James Ihaka is a Herald reporter based in Hamilton.

Drugs case a mistake, says trainer

Cambridge horsewoman says amino acids bought for a friend and hopes charges will 'die an ugly death'.

Nicola Chilcott says the charges are a "big misunderstanding". Photo / Christine Cornege
Nicola Chilcott says the charges are a "big misunderstanding". Photo / Christine Cornege

A Cambridge horse trainer charged with illegally importing performance-enhancing drugs says the case is "a big misunderstanding".

Nicola Ann Chilcott appeared yesterday in the Hamilton District Court, where she admitted knowingly attempting to import the agricultural compounds amino forte and amino lite.

The 41-year-old harness racing trainer pleaded not guilty to two other charges of attempting to import a number of other agricultural compounds used in the equine industry and five charges of breaching the Agricultural Compounds and Veterinary Medicines Act 1997.

Chilcott's lawyer, Warren Scotter, said her appearance before the court was the result of a misunderstanding.

He said the amino acids were bought for a friend, although she does use the New Zealand equivalent of the products.

"These are the animal equivalent of Lucozade widely used in Australia and bought over the counter," he said.

The prosecution said Chilcott was stopped in March at Christchurch International Airport, where she was found with the compounds in her luggage.

Among them were the drugs ITPP (Myo-Inositol Trispyrophosphate) and TB-500 (Thymosin Beta 4), both performance-enhancing drugs outlawed in the local racing industry.

Chilcott has pleaded not guilty to attempting to import these drugs.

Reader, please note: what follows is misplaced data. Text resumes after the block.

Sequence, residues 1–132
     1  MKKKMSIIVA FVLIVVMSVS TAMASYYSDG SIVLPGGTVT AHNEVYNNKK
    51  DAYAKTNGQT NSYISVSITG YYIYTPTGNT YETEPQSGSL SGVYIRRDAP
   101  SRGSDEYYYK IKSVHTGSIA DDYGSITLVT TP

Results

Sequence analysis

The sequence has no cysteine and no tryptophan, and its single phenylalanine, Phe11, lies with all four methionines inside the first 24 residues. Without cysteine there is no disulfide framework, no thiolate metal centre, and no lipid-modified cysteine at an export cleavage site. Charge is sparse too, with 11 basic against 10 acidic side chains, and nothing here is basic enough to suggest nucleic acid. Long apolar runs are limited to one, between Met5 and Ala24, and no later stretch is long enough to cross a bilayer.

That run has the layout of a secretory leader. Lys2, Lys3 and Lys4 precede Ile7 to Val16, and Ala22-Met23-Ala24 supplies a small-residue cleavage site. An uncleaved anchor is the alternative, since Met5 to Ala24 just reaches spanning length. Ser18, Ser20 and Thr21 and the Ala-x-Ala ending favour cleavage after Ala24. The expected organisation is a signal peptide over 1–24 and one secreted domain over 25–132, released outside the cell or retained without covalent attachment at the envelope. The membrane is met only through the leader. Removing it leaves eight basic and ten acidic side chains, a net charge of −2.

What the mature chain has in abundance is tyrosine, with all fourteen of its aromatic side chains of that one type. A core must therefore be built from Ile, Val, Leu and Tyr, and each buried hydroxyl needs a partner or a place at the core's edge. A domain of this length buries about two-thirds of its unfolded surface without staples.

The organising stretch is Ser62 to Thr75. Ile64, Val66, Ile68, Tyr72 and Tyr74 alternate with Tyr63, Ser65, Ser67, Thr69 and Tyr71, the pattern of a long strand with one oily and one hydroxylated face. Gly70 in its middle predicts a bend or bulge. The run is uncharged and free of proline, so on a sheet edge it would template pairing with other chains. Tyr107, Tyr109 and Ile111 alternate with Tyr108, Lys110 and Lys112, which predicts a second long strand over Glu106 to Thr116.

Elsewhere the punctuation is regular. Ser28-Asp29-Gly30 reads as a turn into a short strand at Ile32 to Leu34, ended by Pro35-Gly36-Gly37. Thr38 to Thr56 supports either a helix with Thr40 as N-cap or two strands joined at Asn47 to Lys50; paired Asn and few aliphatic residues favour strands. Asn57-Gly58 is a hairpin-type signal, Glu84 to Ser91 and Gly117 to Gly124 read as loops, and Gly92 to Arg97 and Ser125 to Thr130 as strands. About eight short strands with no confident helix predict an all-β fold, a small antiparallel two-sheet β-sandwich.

Mike Godber, general manager of the Harness Racing Integrity Unit, confirmed both drugs were prohibited, but said he could not comment on Chilcott's court appearance or whether she would be subject to further investigation.

He confirmed, though, that she was to face the industry's Judicial Control Authority after one of her horses, Precious Mach, tested positive for the painkiller Tramadol following a win at Alexandra Park in April.

He said Chilcott had not had her licence revoked and was free to continue training and racing horses unless the authority ruled otherwise.

Grant Fletcher, the Ministry for Primary Industry's senior regional prosecutor for Canterbury and Westland, said the case was very unusual and was the first prosecution of its type it had taken.

Community magistrate Kathryn Wilson remanded Chilcott on bail to reappear for a status hearing and sentencing on February 1.

Outside the court, Chilcott said she had never used the compounds on any of her horses, nor would she ever.

"It is a big misunderstanding," she said. "Hopefully it will be cleared up and these charges will die an ugly death."

- NZ Herald

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